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Peptide Coated Platinum Nanoparticles as Antitumor Agents (PepPtNPAntiCan)
Start date: Mar 1, 2016, End date: Feb 28, 2018 PROJECT  FINISHED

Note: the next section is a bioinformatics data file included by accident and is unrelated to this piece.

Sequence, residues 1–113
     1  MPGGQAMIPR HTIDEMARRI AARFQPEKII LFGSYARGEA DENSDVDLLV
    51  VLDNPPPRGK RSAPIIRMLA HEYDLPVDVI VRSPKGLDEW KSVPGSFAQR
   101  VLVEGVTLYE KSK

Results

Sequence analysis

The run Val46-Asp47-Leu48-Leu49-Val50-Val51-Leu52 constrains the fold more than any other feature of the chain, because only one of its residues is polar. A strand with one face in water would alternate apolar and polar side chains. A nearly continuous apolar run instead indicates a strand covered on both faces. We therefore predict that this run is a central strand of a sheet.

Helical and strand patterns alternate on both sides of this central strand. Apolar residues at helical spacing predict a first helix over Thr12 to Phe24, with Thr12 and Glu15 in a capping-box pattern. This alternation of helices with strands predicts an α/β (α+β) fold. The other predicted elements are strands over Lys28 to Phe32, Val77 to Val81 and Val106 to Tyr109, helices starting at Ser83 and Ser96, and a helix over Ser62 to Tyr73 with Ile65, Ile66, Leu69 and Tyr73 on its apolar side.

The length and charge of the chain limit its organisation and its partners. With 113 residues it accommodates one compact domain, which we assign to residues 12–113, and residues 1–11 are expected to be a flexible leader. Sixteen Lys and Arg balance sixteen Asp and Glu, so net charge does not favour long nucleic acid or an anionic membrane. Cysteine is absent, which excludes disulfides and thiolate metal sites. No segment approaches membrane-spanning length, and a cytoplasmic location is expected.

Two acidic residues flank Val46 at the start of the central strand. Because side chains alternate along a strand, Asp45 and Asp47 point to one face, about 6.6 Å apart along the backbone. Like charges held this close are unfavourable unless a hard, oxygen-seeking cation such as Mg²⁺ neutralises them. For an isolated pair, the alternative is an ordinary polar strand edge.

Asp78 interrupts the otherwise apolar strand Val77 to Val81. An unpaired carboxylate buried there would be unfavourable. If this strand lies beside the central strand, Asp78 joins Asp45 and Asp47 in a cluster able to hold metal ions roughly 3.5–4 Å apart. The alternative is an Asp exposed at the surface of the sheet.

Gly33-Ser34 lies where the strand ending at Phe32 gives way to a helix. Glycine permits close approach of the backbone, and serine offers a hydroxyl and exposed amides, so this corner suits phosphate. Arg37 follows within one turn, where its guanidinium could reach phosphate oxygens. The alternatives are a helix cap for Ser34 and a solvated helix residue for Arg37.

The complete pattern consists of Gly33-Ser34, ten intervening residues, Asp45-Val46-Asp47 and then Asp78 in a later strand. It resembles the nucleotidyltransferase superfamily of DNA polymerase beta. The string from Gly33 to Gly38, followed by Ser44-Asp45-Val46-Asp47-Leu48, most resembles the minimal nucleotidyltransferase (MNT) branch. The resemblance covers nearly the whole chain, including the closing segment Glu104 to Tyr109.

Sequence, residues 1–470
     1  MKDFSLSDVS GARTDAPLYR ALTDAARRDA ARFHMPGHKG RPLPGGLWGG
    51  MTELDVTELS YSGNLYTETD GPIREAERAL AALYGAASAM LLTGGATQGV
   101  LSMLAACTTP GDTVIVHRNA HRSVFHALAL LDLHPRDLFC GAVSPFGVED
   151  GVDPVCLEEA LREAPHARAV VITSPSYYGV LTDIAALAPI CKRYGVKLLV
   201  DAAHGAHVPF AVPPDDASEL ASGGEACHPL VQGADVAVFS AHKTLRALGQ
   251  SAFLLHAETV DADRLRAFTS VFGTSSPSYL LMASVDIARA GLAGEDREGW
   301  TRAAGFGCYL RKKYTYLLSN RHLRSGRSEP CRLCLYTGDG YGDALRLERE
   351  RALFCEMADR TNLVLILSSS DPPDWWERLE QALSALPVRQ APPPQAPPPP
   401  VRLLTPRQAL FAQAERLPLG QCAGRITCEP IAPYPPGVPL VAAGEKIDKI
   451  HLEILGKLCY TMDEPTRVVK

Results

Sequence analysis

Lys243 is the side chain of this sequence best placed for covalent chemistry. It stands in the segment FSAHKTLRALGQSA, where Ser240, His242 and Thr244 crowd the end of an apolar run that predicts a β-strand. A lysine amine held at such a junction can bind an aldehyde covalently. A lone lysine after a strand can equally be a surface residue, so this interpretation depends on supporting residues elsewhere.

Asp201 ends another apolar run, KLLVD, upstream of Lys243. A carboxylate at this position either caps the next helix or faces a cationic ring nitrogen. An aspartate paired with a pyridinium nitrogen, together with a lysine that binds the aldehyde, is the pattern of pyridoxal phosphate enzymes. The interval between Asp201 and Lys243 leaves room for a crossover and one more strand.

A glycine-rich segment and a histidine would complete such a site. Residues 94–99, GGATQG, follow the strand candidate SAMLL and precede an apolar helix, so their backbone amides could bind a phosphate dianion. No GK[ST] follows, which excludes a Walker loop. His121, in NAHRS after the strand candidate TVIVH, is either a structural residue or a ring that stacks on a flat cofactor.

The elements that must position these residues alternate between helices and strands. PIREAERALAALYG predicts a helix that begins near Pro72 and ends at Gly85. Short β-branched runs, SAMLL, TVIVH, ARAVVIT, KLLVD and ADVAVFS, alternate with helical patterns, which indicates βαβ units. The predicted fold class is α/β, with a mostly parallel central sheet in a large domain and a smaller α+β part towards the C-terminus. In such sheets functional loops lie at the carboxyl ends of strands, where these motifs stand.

Cisplatin is an efficient chemotherapeutic drug, yet it suffers from two main disadvantages: evolving drug resistance and relatively high toxicity. One of the latest approaches for dealing with these drawbacks has been the development of platinum nanoparticles (PtNPs) as a Pt(II) ion source. However, this solution is far from effective, mainly due to obstacles in cancer-cell targeting and a lack of nuclear penetration. The Wennemers group developed a combinatorial screening for the identification of peptides that allow for the formation of metal nanoparticles. The identified peptides control the geometric parameters of the nanoparticles and stabilize them in the aqueous environment. This proposed research aims to investigate the functionalized peptide-coated PtNPs as potential antitumor agents. We will use this combinatorial assay for the controlled formation of small PtNPs. The mechanism of nanoparticle formation will be extensively investigated, including full structural NMR analyses, thermodynamic and kinetic studies, all with the intention of providing insights into how the size-controlled PtNP formation is achieved. The major challenge will be to find the ideal, additive, peptide-based modification for specifically translocating PtNPs into the cancer cell nucleus. We believe that this potentially pro-drug will be inactive in the extracellular environment due to the presence of inert Pt(0) that will be oxidized by the high levels of hydrogen peroxide in cancer cells to Pt(II) ions. Therefore, in vitro cytotoxicity will be studied, as well as toxicity and metal accumulation in healthy cell lines to discover anti-cancerogenic peptide-coated PtNPs.

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